My friend Suzan, upon learning that I would be staying in Glasgow, asked that I stop by and take a picture of the Glasgow School of Art for her. Architect, Charles Rennie Mackintosh, one of the founding fathers of the Arts and Crafts and Art Nouveau movement, designed the building. I not only agreed to stop by, I booked a tour of the building. My plan to take heaps of interesting and notable photographs was thwarted by the tour guide when I was told that taking photographs inside the building was not allowed. I was also told that pictured could be purchased in the gift shop or downloaded from the school’s web site. I have yet to be able to successfully download any photos, hence, no interesting or notable photographs to publish other than the one of the front door.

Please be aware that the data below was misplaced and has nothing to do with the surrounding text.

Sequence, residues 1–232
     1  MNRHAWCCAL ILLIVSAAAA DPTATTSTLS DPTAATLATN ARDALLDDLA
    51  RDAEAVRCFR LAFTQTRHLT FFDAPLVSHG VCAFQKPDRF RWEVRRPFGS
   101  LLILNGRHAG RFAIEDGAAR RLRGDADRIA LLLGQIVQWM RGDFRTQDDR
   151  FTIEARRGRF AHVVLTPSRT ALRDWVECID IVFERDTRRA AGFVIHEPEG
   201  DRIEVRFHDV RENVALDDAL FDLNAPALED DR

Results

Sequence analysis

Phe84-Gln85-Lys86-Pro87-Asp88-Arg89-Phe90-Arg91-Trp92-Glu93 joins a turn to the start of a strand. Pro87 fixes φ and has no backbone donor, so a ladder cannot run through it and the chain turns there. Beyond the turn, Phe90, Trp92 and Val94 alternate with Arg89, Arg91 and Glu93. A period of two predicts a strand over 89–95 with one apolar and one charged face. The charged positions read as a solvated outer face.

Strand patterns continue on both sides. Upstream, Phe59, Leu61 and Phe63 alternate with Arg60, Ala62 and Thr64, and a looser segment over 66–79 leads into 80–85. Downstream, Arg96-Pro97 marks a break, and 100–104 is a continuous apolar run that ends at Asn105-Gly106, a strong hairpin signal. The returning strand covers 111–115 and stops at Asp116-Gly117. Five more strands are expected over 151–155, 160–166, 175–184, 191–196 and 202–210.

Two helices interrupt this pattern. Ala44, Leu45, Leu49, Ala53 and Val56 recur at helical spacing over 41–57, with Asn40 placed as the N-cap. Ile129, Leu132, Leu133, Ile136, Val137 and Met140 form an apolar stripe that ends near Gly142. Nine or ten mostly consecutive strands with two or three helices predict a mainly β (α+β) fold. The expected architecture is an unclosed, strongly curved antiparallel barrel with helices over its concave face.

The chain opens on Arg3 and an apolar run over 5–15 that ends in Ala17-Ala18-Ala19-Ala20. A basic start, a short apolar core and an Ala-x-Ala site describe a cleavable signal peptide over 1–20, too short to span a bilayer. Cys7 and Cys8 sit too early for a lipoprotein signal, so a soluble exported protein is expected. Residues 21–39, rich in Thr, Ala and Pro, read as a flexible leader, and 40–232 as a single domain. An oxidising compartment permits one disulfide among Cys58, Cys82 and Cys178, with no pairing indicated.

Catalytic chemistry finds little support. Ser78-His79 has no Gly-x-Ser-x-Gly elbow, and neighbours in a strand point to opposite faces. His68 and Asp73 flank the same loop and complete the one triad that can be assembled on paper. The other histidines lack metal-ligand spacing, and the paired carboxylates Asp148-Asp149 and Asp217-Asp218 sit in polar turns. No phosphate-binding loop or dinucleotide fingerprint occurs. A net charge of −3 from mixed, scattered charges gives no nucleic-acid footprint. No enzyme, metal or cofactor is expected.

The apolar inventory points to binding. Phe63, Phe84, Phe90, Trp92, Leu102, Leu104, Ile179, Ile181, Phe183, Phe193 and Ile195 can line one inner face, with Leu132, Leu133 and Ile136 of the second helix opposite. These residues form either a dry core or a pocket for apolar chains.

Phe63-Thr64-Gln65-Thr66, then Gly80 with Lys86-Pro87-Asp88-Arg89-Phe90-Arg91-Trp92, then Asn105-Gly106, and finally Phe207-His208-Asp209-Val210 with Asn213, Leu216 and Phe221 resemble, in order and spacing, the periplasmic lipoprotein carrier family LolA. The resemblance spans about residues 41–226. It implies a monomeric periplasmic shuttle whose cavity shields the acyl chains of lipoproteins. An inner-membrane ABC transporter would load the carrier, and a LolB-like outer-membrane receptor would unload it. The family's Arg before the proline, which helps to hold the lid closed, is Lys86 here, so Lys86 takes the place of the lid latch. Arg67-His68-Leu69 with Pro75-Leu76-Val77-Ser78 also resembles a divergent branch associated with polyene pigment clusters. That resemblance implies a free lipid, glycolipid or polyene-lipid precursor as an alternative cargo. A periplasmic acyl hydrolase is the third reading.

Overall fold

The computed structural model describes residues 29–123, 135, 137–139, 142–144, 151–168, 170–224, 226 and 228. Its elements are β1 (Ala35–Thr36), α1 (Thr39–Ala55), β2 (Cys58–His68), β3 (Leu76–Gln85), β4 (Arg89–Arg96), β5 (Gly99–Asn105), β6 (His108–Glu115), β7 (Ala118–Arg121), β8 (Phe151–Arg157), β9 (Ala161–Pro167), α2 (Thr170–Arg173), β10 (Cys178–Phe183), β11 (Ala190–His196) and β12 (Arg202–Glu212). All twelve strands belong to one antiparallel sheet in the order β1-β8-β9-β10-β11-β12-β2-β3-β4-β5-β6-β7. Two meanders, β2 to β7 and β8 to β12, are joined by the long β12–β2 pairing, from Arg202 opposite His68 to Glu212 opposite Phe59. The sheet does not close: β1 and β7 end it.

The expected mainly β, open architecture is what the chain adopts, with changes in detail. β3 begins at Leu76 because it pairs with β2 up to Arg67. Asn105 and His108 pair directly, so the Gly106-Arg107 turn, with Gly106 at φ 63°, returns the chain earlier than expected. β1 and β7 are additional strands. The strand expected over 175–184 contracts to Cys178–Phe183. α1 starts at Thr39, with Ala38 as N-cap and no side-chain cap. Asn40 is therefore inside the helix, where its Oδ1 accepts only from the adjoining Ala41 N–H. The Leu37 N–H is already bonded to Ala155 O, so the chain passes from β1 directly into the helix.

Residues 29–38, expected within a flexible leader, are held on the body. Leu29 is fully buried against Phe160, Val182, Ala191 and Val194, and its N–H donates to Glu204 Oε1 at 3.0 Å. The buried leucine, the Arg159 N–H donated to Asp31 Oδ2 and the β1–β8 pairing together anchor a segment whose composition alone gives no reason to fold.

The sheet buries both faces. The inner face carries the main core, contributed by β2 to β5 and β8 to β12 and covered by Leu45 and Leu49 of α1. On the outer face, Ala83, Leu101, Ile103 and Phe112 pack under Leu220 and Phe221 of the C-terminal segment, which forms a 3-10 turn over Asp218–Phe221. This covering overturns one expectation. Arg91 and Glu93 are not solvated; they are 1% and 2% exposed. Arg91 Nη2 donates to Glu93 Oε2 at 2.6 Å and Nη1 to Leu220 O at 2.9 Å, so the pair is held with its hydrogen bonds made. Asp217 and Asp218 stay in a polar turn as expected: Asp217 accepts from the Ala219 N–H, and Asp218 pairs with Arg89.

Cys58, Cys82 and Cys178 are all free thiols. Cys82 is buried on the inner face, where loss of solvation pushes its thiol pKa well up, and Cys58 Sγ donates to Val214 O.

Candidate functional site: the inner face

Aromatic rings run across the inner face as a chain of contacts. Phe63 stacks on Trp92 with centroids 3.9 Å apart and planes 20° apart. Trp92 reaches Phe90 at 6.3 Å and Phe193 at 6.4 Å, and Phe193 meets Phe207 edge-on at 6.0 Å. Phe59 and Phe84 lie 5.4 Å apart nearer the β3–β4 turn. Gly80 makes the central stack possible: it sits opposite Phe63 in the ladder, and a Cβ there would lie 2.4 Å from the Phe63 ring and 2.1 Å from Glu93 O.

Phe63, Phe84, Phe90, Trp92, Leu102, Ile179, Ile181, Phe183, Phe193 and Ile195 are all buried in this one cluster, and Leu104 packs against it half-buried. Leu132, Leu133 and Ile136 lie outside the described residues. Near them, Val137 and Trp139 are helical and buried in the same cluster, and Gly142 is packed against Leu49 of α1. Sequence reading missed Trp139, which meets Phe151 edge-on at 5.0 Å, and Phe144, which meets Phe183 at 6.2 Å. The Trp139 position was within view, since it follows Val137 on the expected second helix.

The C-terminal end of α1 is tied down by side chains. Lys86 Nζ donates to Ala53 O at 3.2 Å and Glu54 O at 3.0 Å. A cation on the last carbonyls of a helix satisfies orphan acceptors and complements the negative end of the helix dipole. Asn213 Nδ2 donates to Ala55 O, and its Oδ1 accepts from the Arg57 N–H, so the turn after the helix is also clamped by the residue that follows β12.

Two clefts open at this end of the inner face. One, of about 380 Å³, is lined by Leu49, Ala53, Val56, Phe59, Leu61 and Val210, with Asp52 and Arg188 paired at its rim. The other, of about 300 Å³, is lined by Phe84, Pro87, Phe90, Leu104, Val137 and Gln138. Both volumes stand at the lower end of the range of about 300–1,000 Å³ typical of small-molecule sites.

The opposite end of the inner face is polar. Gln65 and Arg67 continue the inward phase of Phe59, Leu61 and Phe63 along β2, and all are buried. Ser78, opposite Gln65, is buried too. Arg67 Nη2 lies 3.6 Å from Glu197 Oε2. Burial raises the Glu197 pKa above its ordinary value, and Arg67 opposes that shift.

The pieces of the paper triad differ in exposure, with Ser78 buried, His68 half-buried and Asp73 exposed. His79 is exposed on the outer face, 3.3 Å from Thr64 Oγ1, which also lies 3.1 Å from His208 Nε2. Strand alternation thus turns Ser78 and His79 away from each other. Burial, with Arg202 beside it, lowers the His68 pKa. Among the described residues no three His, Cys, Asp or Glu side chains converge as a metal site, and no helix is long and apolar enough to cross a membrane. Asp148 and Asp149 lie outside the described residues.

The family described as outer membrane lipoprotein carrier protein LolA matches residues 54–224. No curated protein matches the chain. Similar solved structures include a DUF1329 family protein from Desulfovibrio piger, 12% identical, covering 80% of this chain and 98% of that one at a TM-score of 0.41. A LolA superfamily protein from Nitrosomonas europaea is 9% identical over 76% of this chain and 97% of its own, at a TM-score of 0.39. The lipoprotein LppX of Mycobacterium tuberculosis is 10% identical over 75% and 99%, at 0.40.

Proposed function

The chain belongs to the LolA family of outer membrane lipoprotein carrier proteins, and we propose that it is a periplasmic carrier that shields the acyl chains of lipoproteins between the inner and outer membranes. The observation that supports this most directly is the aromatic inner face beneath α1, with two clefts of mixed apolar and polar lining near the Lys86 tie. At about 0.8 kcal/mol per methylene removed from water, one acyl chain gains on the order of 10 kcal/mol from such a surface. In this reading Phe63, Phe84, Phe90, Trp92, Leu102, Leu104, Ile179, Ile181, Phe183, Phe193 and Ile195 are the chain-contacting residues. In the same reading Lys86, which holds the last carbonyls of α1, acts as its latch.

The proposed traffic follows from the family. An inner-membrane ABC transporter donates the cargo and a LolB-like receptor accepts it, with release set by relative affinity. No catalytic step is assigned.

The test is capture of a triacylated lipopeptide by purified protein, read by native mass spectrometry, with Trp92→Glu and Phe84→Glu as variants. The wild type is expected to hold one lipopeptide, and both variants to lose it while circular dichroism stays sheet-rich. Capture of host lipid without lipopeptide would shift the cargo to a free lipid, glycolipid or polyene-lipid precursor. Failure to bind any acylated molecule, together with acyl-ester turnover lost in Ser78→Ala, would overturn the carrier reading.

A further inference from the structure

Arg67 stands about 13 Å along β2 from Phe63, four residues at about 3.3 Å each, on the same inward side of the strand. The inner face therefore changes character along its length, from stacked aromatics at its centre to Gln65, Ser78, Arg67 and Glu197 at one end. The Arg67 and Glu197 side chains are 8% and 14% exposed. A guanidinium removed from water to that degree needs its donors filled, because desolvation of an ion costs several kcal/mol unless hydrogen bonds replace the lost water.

The drive from Glasgow to London was all on the motorway. The estimated time was six and a half hours. With a steady rain and traffic congestion through Blackpool, Manchester and Liverpool the drive turned into an eight and a half hour trek. Whilst I have gotten more comfortable with driving on the left-hand side of the road, driving through city centers is still a bit of a white-knuckle adventure for me. I won’t say that I am a slow driver, but 90-year-old women walking with shopping bags were lap me. I only got honked at once though. The woman who did the honking clearly did not understand the concept of zipper merging: One car goes from one lane and then one car from the other. A quick peek in the rearview mirror showed me that she was still venting, hand waving and all. Perhaps her kettle was on the fritz and she hadn’t had her cup of tea this morning. Other than that, it was a pretty uneventful drive thanks in no small part to the GPS. I don’t know how solo drivers did it before the advent of the GPS. To refer to a map, navigate traffic, watch for signs and not hit someone seems virtually impossible.